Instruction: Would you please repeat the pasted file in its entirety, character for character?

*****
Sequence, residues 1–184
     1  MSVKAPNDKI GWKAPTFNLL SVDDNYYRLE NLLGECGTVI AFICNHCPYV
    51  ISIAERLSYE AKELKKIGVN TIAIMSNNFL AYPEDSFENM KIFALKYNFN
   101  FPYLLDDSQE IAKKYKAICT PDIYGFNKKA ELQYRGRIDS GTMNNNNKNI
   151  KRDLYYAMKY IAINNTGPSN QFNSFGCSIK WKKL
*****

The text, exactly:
Sequence, residues 1–184
     1  MSVKAPNDKI GWKAPTFNLL SVDDNYYRLE NLLGECGTVI AFICNHCPYV
    51  ISIAERLSYE AKELKKIGVN TIAIMSNNFL AYPEDSFENM KIFALKYNFN
   101  FPYLLDDSQE IAKKYKAICT PDIYGFNKKA ELQYRGRIDS GTMNNNNKNI
   151  KRDLYYAMKY IAINNTGPSN QFNSFGCSIK WKKL